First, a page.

My head was a feeling light and I every sip of water seemed to wake me up a little and keep me going. I stuck with this approach and continued on. Step after step as the night went on. I was awakened suddenly by my loss of balance and realised there and then that I had in fact fallen asleep on my feet for a split second. I looked up and Sascha and Corrine we still ahead of me and I was ok. I sipped water, the coolness sparked my body into action.

We stopped at 5000 metres to snack and try to recover somewhat; this is not an easy task given your body is starting to fatigue at a vastly increased rate. I ate chocolate and banana snack bars and drank a little more water. I was feeling good but I knew we had a long way to go. This was an incredibly intense moment for me. Nearly 900 vertical metres ahead of us over the next three and a half hours, I got to my feet and said to one of our guides “Rasta, this ain’t over for me yet!”.

On and on we walked slowly up as the stars began to make way for the morning light. It was still  dark but if you turned around and looked back you could see the beginning of that day peering over the false horizon of the clouds below us. Up across the only outcrop of rocks we had to negotiate and a few switchbacks later we were standing at Gilman’s Point. Corrine’s husband Wayne was just behind me and I stopped before the sign and let him pass so that he and Corrine could reach the sign together. They would tell me later they really appreciated me doing that for them.


We were now on the start of the final ridge line and at 5681 metres. Tears welled in my eyes as I realised I was almost on the roof of Africa. The track eased as we descended a little into the top of the crater to head across the ridge to Stella Point. It was a relief to be walking downhill for a change and it felt easy. I was very tired and feeling every step by now and all I wanted to  do was sit down and rest, but there was work to be done and a mountain to summit. I now felt like this was very much going to happen.

The team had thinned out a bit on the ascent as coldness and altitude sickness claimed a couple of us. This was not an uncommon thing on Kilimanjaro. You may think its a trek, but it is definitely, most definitely a very serious game to play. This is the hardest thing I have ever done physically and I am accustomed to pain and suffering…….I climb rocks for fun!!!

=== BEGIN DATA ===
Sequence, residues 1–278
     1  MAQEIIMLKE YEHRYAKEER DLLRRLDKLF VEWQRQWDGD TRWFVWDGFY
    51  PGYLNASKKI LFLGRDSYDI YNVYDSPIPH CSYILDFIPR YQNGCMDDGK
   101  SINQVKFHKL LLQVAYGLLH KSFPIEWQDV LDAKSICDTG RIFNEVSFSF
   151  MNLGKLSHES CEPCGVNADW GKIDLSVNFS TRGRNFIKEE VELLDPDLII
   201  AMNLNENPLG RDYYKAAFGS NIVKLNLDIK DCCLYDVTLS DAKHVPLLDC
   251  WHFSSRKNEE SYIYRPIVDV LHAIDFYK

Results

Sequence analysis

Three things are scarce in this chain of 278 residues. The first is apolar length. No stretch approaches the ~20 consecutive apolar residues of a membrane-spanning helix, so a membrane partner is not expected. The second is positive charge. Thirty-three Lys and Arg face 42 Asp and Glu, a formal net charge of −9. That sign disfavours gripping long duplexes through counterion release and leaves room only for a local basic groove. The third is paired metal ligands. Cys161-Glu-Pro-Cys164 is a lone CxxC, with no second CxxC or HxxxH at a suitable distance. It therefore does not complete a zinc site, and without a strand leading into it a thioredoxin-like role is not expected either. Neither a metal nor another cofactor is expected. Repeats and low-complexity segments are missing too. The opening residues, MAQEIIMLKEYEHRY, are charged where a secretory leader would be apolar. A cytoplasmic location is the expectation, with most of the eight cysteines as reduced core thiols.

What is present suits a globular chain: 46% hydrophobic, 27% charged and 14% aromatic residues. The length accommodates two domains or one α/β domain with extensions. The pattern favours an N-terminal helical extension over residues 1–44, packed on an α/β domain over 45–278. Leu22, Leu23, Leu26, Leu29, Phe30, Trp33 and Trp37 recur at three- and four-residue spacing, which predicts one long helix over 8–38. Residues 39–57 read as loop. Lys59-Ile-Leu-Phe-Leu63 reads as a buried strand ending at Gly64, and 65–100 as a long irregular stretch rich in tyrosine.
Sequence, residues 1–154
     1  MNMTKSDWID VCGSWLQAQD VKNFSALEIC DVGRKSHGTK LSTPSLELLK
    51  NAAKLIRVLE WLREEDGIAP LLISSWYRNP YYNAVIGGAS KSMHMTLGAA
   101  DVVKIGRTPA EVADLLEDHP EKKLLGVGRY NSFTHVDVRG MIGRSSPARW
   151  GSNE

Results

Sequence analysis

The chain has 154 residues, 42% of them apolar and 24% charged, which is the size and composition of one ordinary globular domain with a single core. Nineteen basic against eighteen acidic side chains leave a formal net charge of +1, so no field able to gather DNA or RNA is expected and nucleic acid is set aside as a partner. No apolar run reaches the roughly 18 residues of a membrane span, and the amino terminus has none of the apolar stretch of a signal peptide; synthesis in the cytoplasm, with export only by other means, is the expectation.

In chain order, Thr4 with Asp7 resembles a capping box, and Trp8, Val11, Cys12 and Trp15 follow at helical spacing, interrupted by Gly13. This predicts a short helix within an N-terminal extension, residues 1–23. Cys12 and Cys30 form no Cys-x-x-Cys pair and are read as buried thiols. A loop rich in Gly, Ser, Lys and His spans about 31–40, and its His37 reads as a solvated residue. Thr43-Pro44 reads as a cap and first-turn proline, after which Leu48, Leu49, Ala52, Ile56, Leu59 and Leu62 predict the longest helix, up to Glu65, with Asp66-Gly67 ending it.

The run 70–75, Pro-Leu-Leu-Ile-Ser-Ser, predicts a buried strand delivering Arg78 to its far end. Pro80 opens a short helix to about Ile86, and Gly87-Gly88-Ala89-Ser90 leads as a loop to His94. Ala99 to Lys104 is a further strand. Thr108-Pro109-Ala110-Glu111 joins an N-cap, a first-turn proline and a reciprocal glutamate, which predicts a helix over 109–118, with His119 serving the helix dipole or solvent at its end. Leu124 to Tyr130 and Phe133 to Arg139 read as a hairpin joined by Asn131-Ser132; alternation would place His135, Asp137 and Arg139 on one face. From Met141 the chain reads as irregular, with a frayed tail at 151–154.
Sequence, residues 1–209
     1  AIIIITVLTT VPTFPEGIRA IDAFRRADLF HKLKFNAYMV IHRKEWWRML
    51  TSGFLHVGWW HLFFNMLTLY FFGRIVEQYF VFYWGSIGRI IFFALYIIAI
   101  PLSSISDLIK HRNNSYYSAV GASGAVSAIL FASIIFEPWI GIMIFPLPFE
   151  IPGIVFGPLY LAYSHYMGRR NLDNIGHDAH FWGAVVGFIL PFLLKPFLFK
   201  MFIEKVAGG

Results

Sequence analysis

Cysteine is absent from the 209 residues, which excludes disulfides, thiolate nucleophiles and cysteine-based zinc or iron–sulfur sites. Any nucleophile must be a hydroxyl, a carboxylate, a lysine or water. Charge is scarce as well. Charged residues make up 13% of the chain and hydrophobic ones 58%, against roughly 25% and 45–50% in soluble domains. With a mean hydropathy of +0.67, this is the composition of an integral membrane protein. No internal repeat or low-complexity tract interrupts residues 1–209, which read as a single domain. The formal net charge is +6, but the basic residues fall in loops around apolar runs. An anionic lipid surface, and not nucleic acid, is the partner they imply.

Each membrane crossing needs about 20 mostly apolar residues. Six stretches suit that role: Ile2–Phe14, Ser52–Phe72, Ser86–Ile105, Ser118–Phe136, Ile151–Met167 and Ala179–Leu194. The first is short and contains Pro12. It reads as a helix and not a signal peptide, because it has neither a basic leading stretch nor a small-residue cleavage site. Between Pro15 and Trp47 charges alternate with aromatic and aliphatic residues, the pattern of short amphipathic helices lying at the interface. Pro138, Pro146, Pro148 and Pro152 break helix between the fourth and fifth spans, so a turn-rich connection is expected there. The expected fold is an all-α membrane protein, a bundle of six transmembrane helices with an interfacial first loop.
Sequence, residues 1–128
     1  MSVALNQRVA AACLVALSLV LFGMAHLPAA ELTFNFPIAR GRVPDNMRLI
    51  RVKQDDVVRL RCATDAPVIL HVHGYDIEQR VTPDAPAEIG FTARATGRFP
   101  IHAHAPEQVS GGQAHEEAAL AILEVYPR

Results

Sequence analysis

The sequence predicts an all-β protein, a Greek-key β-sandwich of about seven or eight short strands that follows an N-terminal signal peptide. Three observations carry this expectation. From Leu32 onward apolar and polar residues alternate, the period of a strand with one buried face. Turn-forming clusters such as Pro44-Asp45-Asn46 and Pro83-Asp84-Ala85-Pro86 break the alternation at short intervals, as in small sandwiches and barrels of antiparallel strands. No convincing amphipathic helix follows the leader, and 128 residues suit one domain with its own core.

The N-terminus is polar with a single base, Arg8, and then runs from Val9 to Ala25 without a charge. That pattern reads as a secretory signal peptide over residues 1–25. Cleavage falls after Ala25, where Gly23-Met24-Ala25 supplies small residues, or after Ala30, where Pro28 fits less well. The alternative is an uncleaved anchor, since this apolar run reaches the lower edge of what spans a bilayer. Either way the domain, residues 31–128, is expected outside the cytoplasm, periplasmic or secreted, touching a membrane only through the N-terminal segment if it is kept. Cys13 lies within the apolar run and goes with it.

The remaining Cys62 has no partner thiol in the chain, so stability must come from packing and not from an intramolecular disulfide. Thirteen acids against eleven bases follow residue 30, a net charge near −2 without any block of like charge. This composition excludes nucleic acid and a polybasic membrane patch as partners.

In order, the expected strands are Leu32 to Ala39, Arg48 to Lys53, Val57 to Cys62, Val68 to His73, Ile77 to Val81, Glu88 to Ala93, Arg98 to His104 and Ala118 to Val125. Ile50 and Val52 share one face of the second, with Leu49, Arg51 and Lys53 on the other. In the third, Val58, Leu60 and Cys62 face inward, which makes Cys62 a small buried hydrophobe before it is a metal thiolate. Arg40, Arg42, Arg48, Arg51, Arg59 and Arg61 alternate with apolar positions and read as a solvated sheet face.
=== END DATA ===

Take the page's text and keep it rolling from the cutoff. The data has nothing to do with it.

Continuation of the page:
We arrived at Stella Point and rested briefly while our lead guide discussed the last 140 vertical metres with us. The terrain was easy and the track well carved but this is where you need to be aware. At the summit we have a fifteen minute window to take photos and to take in the scenery.


Looking up at the summit about two kms away, it  seemed so incredibly close and the our guide William said “it will take another forty minutes to an hour.


We set off and fell into line automatically as we had done over the course of the night. the sun now sharing it warmth with us as we moved upward to the plateau below the summit. The glacier wall to the left of us was the most unbelievable sight with a frozen lake below it and the sun light shining over it. This lunar surface and ice-scape was so surreal it felt like I was in a science fiction film. As we came up over the rise and moved around a slight corner, people started to walk past me on their way back down and they were moving very fast. I thought they must have cruised it.


As I turned around to look back I realised I was the only one still with William and we were about 300 metres from our goal. Jared was a little ways back and Rowan was further away. Slowly moving towards the summit with my head down I saw a shadow on the ground and and was pleased to see it was Jared. He had pushed on and we were soon joined by Rowan……the shadows were long and they were further away than I thought.

I looked up and William had stopped. We were there………we were there!!!! 8595 metres above the ocean, standing on the roof of Africa and I had summited Mount Kilimanjaro. The highest free standing mountain on earth. I waited for Jared and we shook hand and hugged each other congratulating rowan as he joined us at the top.